I think things are more complex than what we users think!
Making a preset for an unsupported lens is possible, complicated but possible.
I happened to do some for unsupported lenses. As long as it is a fixed focal length: for a zoom it is practically impossible.
The distortion is relatively easy to correct: it is the same regardless of the diaphragm (f-stop).
For vignetting, each opening must be analyzed and corrected. This means in theory one preset per opening (f-stop). in practice one can be satisfied with two or three corrections since the vignetting generally decreases while passing from f / 2.8 (for example) to f / 4 and then becomes negligible.
Of course, you have to go read the exifs: there is no possibility of automatically choosing your preset accordingly. And if the Exifs are not present (not transmitted or nonexistent: old lens) it gets complicated … and I ignore the fact that some corrections are sensitive to the shooting distance!
That being said, a preset, even a basic one where only distortion (approximately) and vignetting are corrected are a good starting point.
I would say a main problem is variation in quality between the same lens. So testing one lens is not enough, you have to test multiple. And most users will only have access to one. So your profile would only work for your own lens, and not necessarily for others. Never mind not a bad idea to support this, but I guess complicated and very niche.
As I understand the Lensfun database, their measurements are derived from more than one copy of the lenses - though I have to say I have never been part of their project. But as I said, a crust may be only a crust, but it is better than nobread at all.
If this is true, I recommend that you read the books by Steven Lawrence Kaplan. He is an American university professor specializing in the history of bread and baking. He is very famous in France.
His books are a treat for foodies and really exciting.
Thanks for the link to the tutorial. About your former proposal, the subject is nearly the same, but this one brings a new approach:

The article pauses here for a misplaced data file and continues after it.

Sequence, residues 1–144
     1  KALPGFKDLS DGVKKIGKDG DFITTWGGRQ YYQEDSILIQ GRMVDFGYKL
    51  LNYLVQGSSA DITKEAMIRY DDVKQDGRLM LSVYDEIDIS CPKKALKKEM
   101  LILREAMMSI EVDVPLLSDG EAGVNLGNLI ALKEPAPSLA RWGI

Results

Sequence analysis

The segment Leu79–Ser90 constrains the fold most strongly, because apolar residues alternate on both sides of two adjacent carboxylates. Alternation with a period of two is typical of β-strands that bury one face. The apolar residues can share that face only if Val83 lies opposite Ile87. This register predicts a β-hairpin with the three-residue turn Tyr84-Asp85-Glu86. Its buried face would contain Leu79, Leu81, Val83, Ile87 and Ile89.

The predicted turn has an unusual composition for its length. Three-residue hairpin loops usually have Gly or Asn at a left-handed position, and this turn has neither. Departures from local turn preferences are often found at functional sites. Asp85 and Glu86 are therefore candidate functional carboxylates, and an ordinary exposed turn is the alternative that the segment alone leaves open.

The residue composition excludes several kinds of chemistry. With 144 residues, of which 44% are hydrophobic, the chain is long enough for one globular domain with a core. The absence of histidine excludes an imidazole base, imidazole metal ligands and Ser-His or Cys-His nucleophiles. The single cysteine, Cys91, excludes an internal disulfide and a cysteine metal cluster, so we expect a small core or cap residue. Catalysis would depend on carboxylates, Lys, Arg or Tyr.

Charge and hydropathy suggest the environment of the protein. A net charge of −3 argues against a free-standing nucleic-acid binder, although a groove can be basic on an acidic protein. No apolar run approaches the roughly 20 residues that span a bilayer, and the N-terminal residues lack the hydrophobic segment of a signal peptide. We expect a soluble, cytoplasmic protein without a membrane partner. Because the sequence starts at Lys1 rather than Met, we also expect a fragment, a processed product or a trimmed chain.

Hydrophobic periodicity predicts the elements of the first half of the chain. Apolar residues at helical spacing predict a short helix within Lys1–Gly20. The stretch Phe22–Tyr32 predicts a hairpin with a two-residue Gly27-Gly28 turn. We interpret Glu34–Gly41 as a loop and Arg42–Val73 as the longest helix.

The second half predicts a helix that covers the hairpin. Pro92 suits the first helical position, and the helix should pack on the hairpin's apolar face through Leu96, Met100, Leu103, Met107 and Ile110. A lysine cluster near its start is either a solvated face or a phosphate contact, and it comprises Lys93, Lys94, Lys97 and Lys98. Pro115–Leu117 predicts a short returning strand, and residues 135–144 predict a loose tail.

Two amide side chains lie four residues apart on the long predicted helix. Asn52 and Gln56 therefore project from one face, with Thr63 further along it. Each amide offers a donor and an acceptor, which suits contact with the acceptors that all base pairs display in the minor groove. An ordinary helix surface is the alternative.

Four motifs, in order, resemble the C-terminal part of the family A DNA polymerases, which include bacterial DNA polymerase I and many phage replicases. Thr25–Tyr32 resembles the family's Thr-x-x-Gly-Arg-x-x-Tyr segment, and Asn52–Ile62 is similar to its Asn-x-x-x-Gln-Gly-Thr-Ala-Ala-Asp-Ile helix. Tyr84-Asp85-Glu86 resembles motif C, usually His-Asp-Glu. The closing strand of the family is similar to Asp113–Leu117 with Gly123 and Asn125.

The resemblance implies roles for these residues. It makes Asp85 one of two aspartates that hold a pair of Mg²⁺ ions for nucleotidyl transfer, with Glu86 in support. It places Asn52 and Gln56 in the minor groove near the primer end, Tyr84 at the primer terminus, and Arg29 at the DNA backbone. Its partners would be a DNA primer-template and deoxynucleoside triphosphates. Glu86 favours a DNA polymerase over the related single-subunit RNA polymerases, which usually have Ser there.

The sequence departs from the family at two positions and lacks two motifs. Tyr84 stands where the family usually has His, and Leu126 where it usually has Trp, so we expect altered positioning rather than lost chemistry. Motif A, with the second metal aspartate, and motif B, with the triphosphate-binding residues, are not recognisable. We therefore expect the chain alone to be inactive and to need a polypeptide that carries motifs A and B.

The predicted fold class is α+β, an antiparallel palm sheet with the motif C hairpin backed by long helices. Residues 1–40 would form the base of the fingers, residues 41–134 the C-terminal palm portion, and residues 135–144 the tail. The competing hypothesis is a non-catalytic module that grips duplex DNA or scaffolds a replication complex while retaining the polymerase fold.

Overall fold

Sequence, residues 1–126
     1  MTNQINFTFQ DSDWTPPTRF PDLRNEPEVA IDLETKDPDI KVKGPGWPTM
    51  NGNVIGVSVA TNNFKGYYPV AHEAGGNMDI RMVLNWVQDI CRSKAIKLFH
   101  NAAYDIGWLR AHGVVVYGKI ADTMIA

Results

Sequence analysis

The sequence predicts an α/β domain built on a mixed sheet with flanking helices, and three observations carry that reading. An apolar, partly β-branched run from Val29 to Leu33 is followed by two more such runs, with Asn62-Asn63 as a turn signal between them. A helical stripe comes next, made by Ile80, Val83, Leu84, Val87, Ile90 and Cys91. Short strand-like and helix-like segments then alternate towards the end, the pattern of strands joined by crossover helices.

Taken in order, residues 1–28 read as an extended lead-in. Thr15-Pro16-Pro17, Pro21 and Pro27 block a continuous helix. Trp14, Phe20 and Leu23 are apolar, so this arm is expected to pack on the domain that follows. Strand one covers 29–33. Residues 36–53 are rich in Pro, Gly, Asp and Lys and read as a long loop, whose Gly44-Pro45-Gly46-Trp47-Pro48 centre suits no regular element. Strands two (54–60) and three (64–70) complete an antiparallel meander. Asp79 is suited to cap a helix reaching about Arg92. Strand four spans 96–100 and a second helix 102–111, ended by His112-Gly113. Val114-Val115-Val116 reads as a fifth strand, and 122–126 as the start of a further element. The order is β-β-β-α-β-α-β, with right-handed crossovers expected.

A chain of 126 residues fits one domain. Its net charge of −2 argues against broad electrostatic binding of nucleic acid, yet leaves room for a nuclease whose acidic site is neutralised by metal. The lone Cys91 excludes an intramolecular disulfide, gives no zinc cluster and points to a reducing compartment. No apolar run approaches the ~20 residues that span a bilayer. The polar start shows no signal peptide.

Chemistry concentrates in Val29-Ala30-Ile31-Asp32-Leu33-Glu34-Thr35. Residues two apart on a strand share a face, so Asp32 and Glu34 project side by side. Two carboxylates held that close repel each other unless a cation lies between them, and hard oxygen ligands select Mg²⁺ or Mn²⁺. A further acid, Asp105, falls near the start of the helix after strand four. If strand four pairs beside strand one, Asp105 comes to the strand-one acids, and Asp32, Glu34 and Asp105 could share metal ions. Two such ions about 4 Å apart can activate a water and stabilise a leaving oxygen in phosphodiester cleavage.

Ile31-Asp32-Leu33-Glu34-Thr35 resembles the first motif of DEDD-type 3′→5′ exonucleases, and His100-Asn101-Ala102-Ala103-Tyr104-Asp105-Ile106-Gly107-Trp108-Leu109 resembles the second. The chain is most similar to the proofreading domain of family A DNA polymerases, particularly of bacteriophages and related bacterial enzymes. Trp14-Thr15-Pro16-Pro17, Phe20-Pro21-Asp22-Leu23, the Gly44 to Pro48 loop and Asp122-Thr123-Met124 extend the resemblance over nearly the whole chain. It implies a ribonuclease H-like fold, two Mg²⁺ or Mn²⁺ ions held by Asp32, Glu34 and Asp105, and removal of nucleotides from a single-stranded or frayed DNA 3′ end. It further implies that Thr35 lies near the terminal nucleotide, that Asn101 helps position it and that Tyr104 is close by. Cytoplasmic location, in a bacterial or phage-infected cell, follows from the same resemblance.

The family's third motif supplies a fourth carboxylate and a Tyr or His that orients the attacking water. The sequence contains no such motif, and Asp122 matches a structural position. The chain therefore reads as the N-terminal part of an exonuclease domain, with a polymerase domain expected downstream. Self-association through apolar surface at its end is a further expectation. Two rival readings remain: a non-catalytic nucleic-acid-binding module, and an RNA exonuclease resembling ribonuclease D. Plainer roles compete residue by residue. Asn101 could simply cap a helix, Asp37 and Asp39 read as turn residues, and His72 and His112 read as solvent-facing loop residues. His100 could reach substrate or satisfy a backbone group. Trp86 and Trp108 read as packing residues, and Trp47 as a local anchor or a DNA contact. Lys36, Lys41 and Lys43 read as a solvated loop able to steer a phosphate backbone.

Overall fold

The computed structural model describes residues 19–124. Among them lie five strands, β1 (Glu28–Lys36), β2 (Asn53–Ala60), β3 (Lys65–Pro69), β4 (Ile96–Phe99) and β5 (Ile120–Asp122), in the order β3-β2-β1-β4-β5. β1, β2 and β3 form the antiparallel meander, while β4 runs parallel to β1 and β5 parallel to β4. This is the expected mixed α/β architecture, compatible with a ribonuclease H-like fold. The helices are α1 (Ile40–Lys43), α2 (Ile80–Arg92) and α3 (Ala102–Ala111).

• The profile’s editor would be part of ViewPoint. ViewPoint has no longer improvements, and its interest (as an independent application) decreases with the new version of the Nik Collection.
• The profile’s editor would be also used in a creative purpose, not only to fix optical issues. For example, fisheye/de-fisheye, let or increase the distortion only on the edge… It is the reason why this feature is more appropriate to ViewPoint than to DPL.
• The profile’s editor should be able to fix more complex optics defects than those DPL can do with only the manual corrections, like moustache distortion, color shift, left-right inhomogeneity (centering defect), and maybe others.
• As an independent application, it could be applied on various kind of files, included the DNGs that are not recognized by DPL (e.g. DNG from smartphones).
• Into DPL, exifs data could be automatically read to propose the proper set of customized profiles, or to let selecting one in a library.
I dunno Alec. I only have half a dozen unsupported lenses. It’s true that some of them are zooms, so I might need to save more than one preset x lens; but even if that turned out to be the case, it still looks more attractive than having to remember the same number of corrections (not to mention the order in which to apply them).
All the same, in the interests of saving labour, I would like DxO to find a way of making this more automagical.